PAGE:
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Papers of the Week

2022 Jun 10

J Clin Med



Mental Stress and Cardiovascular Health-Part I.


Vancheri F, Longo G, Vancheri E, Henein MY
J Clin Med. 2022 Jun 10; 11(12).
PMID: 35743423.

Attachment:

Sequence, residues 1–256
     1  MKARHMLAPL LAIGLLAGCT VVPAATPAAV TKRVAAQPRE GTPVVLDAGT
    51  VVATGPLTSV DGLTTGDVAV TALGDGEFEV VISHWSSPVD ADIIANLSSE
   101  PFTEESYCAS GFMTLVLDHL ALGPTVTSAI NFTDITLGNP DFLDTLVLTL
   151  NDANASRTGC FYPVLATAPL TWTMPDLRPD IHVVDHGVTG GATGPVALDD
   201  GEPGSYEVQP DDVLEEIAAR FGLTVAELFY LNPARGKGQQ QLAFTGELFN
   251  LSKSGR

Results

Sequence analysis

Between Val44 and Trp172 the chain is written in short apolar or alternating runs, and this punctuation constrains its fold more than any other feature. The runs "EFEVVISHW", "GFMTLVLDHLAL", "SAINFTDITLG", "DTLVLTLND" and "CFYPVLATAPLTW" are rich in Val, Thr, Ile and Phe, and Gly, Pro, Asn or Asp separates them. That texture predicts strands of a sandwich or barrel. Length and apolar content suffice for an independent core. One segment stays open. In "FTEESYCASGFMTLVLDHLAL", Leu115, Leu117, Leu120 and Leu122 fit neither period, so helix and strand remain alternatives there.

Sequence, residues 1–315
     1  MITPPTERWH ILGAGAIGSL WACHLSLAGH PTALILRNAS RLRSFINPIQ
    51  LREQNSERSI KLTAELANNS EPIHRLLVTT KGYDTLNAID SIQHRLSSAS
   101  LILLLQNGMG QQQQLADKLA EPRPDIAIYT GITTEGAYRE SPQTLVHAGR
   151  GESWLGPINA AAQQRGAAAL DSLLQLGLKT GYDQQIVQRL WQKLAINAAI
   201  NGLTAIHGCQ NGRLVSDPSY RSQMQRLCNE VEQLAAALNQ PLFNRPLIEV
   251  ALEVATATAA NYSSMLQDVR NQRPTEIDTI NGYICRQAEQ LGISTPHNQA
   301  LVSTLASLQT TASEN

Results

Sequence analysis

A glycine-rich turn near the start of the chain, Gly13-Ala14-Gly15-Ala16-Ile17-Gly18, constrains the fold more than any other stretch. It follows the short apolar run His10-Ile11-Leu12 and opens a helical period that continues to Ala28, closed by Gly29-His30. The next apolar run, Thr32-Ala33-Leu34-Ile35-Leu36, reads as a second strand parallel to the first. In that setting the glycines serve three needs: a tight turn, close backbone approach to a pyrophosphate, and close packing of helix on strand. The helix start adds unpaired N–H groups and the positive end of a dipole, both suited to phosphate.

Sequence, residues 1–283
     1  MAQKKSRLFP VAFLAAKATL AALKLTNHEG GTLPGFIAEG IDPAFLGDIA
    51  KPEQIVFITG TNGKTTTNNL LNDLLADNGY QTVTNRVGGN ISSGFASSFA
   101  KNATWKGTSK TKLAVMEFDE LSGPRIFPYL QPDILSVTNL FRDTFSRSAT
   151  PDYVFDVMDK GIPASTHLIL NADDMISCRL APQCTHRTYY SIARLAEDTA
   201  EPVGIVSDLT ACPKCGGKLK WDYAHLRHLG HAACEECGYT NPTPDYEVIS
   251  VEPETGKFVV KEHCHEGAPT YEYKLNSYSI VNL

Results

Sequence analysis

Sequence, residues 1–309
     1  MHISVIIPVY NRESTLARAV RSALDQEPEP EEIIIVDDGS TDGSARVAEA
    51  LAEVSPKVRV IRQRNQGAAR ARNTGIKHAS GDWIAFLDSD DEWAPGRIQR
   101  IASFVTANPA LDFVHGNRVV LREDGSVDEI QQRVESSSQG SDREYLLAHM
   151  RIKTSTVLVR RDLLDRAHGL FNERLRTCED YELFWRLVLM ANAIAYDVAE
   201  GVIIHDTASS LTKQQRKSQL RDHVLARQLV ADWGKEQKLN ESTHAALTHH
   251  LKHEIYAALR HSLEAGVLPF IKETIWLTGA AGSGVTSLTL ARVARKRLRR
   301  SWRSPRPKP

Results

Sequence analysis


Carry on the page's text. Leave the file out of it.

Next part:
Epidemiological studies have shown that a substantial proportion of acute coronary events occur in individuals who lack the traditional high-risk cardiovascular (CV) profile. Mental stress is an emerging risk and prognostic factor for coronary artery disease and stroke, independently of conventional risk factors. It is associated with an increased rate of CV events. Acute mental stress may develop as a result of anger, fear, or job strain, as well as consequence of earthquakes or hurricanes. Chronic stress may develop as a result of long-term or repetitive stress exposure, such as job-related stress, low socioeconomic status, financial problems, depression, and type A and type D personality. While the response to acute mental stress may result in acute coronary events, the relationship of chronic stress with increased risk of coronary artery disease (CAD) is mainly due to acceleration of atherosclerosis. Emotionally stressful stimuli are processed by a network of cortical and subcortical brain regions, including the prefrontal cortex, insula, amygdala, hypothalamus, and hippocampus. This system is involved in the interpretation of relevance of environmental stimuli, according to individual's memory, past experience, and current context. The brain transduces the cognitive process of emotional stimuli into hemodynamic, neuroendocrine, and immune changes, called fight or flight response, through the autonomic nervous system and the hypothalamic-pituitary-adrenal axis. These changes may induce transient myocardial ischemia, defined as mental stress-induced myocardial ischemia (MSIMI) in patients with and without significant coronary obstruction. The clinical consequences may be angina, myocardial infarction, arrhythmias, and left ventricular dysfunction. Although MSIMI is associated with a substantial increase in CV mortality, it is usually underestimated because it arises without pain in most cases. MSIMI occurs at lower levels of cardiac work than exercise-induced ischemia, suggesting that the impairment of myocardial blood flow is mainly due to paradoxical coronary vasoconstriction and microvascular dysfunction.